After GB&P broke up before the 1965 season, Prudhomme took his talents and teamed up with Roland Leong in his Hawaiian dragster. Leong and Prudhomme won the 1965 Winternationals for Prudhomme’s first of 49 NHRA trophies right out of the gate. The two went on to win the U.S. Nationals later in the year.
Above Left: Now the owner of his team, Prudhomme’s Wynn’s Winder front engine dragster was the dragster he used to win the All Pro Championship. Above Right: In 1970, Prudhomme had Mattel Hot Wheels sponsorship for his dragster and the more popular funny car.
1966 was not as good of a year when compared to 1965. There were still wins, but the wins were fewer and more spread out. In 1967, Prudhomme switched to Ford Hemi power and ran the Baney-Prudhomme dragster. For 1968 and part of 1969, Prudhomme teamed up with Carroll Shelby to race the Shelby Super Snake dragster.
Above Left: Prudhomme’s most successful years were in the mid-1970s when he won four Winston championships (1975-1978). The Plymouth Arrow funny car was one of the most beautiful cars of the era. Above Right: Prudhomme ended his career with the “Final Strike” tour. It was one of his most successful seasons in years.
The Champion advertisement represents Prudhomme’s first dragster he ran on his own. The beautiful yellow dragster called the Wynn’s Winder ran the more familiar, in Nitro racing, Chrysler Hemi. Soon, Prudhomme would team up with Tom “the Mongoose” McEwen with the first non-automotive sponsor. Mattel, the Hot Wheels cars producer, sponsored Prudhomme’s and McEwen’s Funny Cars (and their dragster when they raced them).
Above: Champion has been in business for 115 years. For more than half those years, Champion has run advertisements that focus on motorsports performance. Occasionally, it showed the benefits of their plugs in economy testing, which, at the time of this ad, Champion had won six years in a row.
Prudhomme and McEwen continued the Hot Wheels sponsorship, then, for a year, had Carefree Gum sponsorship painted on the sides of their Mopars. For 1974, the team had broken up, and Prudhomme moved on to the Army sponsorship. The mid-to-late-1970s was his most dominant era, winning four Winston Funny Car championships in four years.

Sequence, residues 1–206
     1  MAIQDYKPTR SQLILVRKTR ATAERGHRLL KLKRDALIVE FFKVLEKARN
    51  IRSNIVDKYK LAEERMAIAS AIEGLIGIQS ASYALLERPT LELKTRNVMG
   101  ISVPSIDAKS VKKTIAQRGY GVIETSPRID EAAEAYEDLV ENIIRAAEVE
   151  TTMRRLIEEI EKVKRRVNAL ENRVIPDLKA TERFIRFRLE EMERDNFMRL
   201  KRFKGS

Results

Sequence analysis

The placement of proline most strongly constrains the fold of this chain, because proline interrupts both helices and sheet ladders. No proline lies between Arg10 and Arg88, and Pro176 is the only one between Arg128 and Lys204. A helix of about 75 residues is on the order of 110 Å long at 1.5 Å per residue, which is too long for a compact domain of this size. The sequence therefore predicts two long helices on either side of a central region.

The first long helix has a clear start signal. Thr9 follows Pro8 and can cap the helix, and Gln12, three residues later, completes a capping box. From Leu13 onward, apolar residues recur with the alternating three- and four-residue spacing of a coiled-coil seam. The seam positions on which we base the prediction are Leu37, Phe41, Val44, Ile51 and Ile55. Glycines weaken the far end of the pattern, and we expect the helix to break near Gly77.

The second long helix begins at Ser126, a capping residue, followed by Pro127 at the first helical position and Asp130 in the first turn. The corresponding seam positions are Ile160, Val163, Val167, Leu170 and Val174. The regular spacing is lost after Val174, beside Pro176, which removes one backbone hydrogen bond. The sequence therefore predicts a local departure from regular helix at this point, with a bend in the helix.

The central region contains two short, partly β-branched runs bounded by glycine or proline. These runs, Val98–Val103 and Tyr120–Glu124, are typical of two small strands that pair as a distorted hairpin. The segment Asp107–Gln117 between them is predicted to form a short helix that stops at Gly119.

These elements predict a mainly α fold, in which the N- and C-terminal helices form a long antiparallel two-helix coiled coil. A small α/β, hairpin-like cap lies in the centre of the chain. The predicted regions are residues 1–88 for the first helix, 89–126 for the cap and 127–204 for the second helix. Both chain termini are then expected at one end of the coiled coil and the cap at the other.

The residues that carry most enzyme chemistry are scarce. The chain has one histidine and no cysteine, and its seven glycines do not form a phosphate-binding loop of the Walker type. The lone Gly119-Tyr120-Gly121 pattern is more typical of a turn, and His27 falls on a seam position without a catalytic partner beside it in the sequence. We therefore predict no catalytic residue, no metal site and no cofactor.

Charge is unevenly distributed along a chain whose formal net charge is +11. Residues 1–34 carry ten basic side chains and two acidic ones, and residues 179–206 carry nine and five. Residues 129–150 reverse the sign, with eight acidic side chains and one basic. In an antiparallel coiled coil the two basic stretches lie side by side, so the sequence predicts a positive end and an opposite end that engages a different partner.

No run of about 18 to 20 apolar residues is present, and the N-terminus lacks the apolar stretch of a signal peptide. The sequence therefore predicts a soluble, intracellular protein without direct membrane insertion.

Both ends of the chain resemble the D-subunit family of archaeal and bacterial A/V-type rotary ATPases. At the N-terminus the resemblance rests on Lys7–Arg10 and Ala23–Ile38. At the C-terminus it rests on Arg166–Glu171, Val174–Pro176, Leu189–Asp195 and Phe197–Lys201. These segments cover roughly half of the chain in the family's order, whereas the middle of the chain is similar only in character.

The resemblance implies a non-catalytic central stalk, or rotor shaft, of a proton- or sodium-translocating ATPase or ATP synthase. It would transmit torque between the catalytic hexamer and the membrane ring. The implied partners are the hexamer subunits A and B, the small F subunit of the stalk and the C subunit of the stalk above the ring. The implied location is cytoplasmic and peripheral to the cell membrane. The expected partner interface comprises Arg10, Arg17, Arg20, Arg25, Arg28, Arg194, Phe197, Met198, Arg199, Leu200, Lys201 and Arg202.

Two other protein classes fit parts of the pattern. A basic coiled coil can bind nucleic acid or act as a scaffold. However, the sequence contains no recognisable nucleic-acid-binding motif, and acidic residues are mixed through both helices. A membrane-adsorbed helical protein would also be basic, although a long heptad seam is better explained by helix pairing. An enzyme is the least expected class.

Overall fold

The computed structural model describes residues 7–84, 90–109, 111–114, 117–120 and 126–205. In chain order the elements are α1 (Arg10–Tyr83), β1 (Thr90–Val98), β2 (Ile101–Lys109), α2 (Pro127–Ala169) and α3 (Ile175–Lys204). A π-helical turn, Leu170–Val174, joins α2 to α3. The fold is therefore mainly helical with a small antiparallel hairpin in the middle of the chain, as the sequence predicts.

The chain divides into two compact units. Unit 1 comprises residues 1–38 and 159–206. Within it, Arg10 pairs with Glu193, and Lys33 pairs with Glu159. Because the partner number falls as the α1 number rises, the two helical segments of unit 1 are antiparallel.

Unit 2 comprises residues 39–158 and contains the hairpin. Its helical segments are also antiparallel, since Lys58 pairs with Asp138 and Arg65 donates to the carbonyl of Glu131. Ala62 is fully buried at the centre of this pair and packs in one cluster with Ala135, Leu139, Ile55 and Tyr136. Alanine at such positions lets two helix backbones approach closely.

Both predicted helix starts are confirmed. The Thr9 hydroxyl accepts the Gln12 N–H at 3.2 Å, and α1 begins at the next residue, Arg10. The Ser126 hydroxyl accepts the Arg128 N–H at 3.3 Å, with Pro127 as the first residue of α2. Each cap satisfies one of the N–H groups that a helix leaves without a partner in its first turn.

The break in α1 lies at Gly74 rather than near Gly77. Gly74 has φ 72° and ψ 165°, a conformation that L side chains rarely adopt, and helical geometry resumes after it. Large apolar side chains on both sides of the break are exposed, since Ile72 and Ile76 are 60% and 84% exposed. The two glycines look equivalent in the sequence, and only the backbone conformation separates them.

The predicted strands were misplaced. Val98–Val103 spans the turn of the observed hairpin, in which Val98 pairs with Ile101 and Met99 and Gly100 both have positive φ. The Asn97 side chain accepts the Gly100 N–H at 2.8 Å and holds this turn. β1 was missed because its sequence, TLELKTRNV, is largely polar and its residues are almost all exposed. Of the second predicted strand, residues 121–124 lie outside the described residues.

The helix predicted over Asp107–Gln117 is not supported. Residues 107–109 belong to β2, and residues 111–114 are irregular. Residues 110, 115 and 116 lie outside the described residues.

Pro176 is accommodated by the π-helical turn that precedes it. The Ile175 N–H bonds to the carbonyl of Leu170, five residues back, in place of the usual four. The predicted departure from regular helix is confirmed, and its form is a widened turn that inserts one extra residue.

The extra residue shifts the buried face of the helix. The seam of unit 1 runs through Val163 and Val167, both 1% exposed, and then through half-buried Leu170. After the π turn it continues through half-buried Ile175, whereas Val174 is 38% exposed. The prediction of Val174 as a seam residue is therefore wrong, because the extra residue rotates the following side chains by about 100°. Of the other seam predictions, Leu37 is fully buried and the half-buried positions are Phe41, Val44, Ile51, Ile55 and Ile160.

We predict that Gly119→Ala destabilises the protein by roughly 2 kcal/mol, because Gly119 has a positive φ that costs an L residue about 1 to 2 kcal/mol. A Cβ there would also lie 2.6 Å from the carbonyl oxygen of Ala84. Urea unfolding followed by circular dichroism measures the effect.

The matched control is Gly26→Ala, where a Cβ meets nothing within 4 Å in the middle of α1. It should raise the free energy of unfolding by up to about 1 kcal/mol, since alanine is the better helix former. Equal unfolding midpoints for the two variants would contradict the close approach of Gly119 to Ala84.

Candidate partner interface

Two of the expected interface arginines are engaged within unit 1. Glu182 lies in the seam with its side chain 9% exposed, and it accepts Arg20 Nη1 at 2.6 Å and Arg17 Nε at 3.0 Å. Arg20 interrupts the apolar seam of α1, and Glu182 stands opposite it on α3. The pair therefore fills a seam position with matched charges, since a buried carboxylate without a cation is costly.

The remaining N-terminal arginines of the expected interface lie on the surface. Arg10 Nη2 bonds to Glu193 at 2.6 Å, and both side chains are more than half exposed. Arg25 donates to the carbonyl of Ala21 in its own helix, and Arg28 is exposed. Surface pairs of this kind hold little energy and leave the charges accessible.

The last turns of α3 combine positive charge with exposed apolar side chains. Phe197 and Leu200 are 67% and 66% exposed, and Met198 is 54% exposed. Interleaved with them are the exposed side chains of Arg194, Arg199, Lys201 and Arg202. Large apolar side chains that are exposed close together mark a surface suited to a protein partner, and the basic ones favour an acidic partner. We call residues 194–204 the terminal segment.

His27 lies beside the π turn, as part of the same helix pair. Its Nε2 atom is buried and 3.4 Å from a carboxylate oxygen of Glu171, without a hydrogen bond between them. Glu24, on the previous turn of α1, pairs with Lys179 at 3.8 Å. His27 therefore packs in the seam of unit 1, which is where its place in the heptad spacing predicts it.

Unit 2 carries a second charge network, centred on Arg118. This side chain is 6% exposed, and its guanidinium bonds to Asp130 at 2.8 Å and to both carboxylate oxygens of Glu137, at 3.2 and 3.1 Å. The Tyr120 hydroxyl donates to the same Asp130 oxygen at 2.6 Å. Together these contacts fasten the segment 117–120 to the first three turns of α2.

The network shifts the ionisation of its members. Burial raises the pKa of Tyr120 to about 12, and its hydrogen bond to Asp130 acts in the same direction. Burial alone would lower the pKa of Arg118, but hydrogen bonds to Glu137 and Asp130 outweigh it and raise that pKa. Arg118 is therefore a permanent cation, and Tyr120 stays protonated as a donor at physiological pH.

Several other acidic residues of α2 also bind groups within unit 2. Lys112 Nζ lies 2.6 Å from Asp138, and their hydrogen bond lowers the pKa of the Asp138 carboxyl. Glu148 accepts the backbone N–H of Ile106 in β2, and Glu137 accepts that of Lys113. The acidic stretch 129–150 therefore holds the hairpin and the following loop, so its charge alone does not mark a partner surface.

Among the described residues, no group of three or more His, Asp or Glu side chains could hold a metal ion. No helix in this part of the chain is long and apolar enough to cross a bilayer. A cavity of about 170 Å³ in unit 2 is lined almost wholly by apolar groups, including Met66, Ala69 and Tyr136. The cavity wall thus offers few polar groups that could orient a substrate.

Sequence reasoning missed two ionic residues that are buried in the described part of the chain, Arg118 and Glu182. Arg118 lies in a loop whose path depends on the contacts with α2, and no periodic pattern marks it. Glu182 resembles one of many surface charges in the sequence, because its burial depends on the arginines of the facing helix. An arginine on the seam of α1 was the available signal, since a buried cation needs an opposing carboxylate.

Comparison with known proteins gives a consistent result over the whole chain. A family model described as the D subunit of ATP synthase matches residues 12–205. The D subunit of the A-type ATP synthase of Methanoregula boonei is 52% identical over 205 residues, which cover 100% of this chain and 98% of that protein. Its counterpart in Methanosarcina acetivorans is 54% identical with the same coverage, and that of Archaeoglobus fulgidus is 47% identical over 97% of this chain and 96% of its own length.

Prudhomme continued driving funny cars sponsored by Pepsi and then Skoal. Finally, he ended his driving career in 1994, back in a Top Fuel dragster. One of his replacement drivers, Larry Dixon, captured several more championships before Prudhomme packed it in and retired from the sport.
Above: Although known for its spark plugs, Champion has expanded its business to filtration (air, fuel, cabin), batteries, and lighting products.
Champion, a world leader for 115 years in manufacturing spark plugs for all internal combustion engines, has expanded its business to include filters (oil, air, and cabin), batteries, and vehicle lighting.
Champion oil filters protect engines by locking out harmful contaminants to allow clean oil to flow through the engine. Its air filters stop debris but not air from entering the engine. Champion’s 99% efficient cabin air filters use activated carbon to eliminate exhaust and other foul odors. Champion’s full line of batteries is powered by innovative positive grid technology for optimized battery performance. Lastly, Champion offers LED and HID lighting technology to provide better visibility and increased safety.
Above: Whether you drive a muscle car or a late-model Mopar, Champion has a plug for you. Champion’s line encompasses four, six, eight, or ten-cylinder wedges, Gen I, II, III Hemis, and pentroof designed combustion chambers.
If you desire Champion products for your Mopar, check out Mancini Racing, Year One, American Muscle, American Trucks, or a local parts store. Remember, if Champion spark plugs are good enough for the professionals, it is an excellent reason to run them in your Mopar.